IPCC Fourth Assessment Report: Climate Change 2007
Climate Change 2007: Working Group II: Impacts, Adaptation and Vulnerability

16.7.2 Impacts and adaptation

  • A decade ago, many small islands were the subject of vulnerability assessments to climate change. Such assessments were based on simplistic scenarios, with an emphasis on sea-level rise, and the application of a common methodology that was applied to many small islands throughout the world. The results were initially summarised in the IPCC Second Assessment Report (IPCC, 1996), with later and more comprehensive studies being reported in the TAR. Since then the momentum for vulnerability and impact studies appears to have declined, such that in the present assessment we can cite few robust investigations of climate change impacts on small islands using more recent scenarios and more precise projections. Developing a renewed international agenda to assess the vulnerability of small islands, based on the most recent projections and newly available tools, would provide small islands with a firmer basis for future planning.
  • Our assessment has identified several key areas and gaps that are under-represented in contemporary research on the impacts of climate change on small islands. These include:-
  • the role of coastal ecosystems such as mangroves, coral reefs and beaches in providing natural defences against sea-level rise and storms;
  • establishing the response of terrestrial upland and inland ecosystems, including woodlands, grasslands and wetlands, to changes in mean temperature and rainfall and extremes;
  • considering how commercial agriculture, forestry and fisheries, as well as subsistence agriculture, artisanal fishing and food security, will be impacted by the combination of climate change and non-climate-related forces;
  • expanding knowledge of climate-sensitive diseases in small islands through national and regional research, not only for vector-borne diseases but for skin, respiratory and water-borne diseases;
  • given the diversity of ‘island types’ and locations, identifying the most vulnerable systems and sectors, according to island type.
  • In contrast to the other regions in this assessment, there is also an absence of demographic and socio-economic scenarios and projections for small islands. Nor have future changes in socio-economic conditions on small islands been well presented in existing assessments (e.g., IPCC, 2001; Millennium Ecosystem Assessment, 2003). Developing more appropriate scenarios for assessing the impacts of climate change on the human systems of small islands remains a challenge.
  • Methods to project exposures to climate stimuli and non-climate stresses at finer spatial scales should be developed, in order to further improve understanding of the potential consequences of climate variability and change, particularly extreme weather and climate events. In addition, further resources need to be applied to the development of appropriate methods and tools for identifying critical thresholds for both bio-geophysical and socio-economic systems on islands.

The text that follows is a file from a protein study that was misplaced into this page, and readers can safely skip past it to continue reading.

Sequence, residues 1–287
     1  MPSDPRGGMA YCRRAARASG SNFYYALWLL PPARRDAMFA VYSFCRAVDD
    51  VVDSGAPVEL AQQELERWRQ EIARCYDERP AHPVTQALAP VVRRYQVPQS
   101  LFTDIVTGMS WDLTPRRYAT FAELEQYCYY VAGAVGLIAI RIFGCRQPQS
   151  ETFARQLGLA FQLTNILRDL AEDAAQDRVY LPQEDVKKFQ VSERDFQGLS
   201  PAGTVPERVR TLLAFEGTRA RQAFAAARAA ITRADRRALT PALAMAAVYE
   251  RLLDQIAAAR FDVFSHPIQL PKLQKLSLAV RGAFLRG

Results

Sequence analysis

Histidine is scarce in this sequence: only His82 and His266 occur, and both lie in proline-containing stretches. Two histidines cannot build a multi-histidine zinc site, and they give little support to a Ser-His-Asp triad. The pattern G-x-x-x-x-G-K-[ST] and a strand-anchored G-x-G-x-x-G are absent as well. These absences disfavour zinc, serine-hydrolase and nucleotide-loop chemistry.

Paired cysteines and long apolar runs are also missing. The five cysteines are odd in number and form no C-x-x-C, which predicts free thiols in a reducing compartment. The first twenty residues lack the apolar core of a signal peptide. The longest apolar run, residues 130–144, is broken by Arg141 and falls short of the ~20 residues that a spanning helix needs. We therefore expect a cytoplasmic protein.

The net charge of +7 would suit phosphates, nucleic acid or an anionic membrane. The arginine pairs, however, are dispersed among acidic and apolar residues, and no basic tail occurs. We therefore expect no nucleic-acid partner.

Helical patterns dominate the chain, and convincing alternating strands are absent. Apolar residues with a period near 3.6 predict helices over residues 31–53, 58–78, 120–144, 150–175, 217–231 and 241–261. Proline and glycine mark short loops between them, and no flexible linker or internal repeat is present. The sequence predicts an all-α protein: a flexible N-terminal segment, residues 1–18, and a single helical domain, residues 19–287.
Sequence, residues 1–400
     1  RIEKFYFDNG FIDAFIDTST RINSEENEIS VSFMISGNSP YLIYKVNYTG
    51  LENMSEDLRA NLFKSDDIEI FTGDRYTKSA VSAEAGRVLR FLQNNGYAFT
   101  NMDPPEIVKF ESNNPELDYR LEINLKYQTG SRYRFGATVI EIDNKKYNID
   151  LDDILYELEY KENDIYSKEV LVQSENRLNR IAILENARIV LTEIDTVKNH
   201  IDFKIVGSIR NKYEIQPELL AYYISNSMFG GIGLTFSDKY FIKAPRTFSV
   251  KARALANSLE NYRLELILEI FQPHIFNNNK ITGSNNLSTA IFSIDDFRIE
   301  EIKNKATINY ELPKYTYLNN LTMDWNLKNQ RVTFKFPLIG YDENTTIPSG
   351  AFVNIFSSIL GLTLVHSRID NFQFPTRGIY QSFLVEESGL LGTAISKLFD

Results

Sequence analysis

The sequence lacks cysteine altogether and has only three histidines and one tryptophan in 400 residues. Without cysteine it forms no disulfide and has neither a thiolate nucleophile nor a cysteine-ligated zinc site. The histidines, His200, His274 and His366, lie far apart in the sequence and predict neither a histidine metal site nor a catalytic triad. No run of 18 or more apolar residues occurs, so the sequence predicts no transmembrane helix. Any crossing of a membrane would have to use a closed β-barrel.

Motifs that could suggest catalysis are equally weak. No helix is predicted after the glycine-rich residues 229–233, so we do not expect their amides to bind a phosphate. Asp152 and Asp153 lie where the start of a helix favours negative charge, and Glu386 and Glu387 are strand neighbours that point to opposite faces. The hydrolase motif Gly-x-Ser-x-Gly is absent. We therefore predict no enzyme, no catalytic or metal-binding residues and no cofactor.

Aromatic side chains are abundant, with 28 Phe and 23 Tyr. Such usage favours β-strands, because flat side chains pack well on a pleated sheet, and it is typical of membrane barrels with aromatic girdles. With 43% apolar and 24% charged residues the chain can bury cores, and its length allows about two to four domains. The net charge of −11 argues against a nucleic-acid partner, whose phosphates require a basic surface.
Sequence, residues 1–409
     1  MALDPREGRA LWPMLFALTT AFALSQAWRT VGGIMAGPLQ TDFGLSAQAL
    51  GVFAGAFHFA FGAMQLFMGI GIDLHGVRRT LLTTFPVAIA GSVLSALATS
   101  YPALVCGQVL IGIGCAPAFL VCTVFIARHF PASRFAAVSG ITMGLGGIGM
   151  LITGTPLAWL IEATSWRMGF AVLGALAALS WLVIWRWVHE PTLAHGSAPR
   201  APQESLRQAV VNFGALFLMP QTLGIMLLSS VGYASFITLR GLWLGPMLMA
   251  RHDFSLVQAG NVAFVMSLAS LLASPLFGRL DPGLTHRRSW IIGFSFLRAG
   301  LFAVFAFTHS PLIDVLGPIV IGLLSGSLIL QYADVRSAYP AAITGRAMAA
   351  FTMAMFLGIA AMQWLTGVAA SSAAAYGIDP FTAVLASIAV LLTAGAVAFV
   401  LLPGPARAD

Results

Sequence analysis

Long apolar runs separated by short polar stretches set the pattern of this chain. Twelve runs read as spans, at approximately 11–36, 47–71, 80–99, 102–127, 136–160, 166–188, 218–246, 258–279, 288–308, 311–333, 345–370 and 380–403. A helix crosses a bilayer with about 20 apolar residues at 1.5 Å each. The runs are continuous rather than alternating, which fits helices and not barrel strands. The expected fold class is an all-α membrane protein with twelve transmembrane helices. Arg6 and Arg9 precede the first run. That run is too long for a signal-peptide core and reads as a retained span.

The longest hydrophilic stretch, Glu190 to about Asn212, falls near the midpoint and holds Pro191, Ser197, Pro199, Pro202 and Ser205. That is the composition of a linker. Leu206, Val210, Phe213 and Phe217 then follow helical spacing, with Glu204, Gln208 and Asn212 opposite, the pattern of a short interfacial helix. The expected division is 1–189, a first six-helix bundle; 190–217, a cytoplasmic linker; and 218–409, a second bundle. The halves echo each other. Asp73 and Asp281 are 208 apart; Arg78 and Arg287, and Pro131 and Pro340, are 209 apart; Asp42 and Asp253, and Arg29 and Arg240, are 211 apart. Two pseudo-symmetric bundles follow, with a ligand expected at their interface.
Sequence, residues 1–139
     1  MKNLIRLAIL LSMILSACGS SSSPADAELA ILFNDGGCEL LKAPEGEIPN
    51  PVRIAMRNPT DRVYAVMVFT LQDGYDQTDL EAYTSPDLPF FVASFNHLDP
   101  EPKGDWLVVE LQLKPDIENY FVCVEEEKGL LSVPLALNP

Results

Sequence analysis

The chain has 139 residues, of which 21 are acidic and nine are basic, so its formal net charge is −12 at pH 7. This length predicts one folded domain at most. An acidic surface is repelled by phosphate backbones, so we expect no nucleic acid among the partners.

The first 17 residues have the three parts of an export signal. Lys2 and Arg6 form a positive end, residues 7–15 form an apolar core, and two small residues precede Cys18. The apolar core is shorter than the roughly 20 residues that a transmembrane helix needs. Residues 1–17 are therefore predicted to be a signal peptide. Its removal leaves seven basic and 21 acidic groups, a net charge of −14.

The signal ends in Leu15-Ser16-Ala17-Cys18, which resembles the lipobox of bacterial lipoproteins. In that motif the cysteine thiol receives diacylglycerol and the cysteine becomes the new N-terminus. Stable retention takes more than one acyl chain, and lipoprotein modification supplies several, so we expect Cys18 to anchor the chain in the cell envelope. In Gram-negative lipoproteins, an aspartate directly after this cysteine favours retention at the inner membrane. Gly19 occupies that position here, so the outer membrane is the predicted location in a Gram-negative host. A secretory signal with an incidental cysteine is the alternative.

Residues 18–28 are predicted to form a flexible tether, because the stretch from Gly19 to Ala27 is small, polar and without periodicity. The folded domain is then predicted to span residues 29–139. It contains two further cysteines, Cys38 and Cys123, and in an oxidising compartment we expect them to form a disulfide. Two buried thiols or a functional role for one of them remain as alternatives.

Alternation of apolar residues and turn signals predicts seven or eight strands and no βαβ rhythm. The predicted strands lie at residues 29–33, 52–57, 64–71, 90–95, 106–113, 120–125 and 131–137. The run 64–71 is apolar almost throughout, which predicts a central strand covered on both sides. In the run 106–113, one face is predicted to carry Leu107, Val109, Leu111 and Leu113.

• Our evaluation of adaptation in small islands suggests that the understanding of adaptive capacity and adaptation options is still at an early stage of development. Although several potential constraints on, as well as opportunities for, adaptation were identified, two features became apparent. First, the application of some adaptation measures commonly used in continental situations poses particular challenges in a small island setting. Examples include insurance, where there is a small population pool although the propensity for natural disasters is high and where local resilience may be undermined by economic liberalisation. Second, some adaptation measures appear to be advocated particularly for small islands and not elsewhere. Examples include emigration and resettlement, the use of traditional knowledge, and responses to short-term extreme events as a model for adaptation to climate change. Results of studies of each of these issues suggest some ambiguities and the need for further research, including the assessment of practical outcomes that enhance adaptive capacity and resilience.
  • With respect to technical measures, countries may wish to pay closer attention to the traditional technologies and skills that have allowed island communities to cope successfully with climate variability in the past. However, as it is uncertain whether the traditional technologies and skills are sufficient to reduce the adverse consequence of climate change, these may need to be combined with modern knowledge and technologies, where appropriate.
  • Local capacity should be strengthened in the areas of environmental assessment and management, modelling, economic and social development planning related to climate change, and adaptation and mitigation in small islands. This objective should be pursued through the application of participatory approaches to capacity building and institutional change.
  • Access to reliable and affordable energy is a vital element in most small islands, where the high cost of energy is regarded as a barrier to the goal of attaining sustainable development. Research and development into energy options appropriate to small islands could help in both adaptation and mitigation strategies whilst also enhancing the prospect of achieving sustainable growth.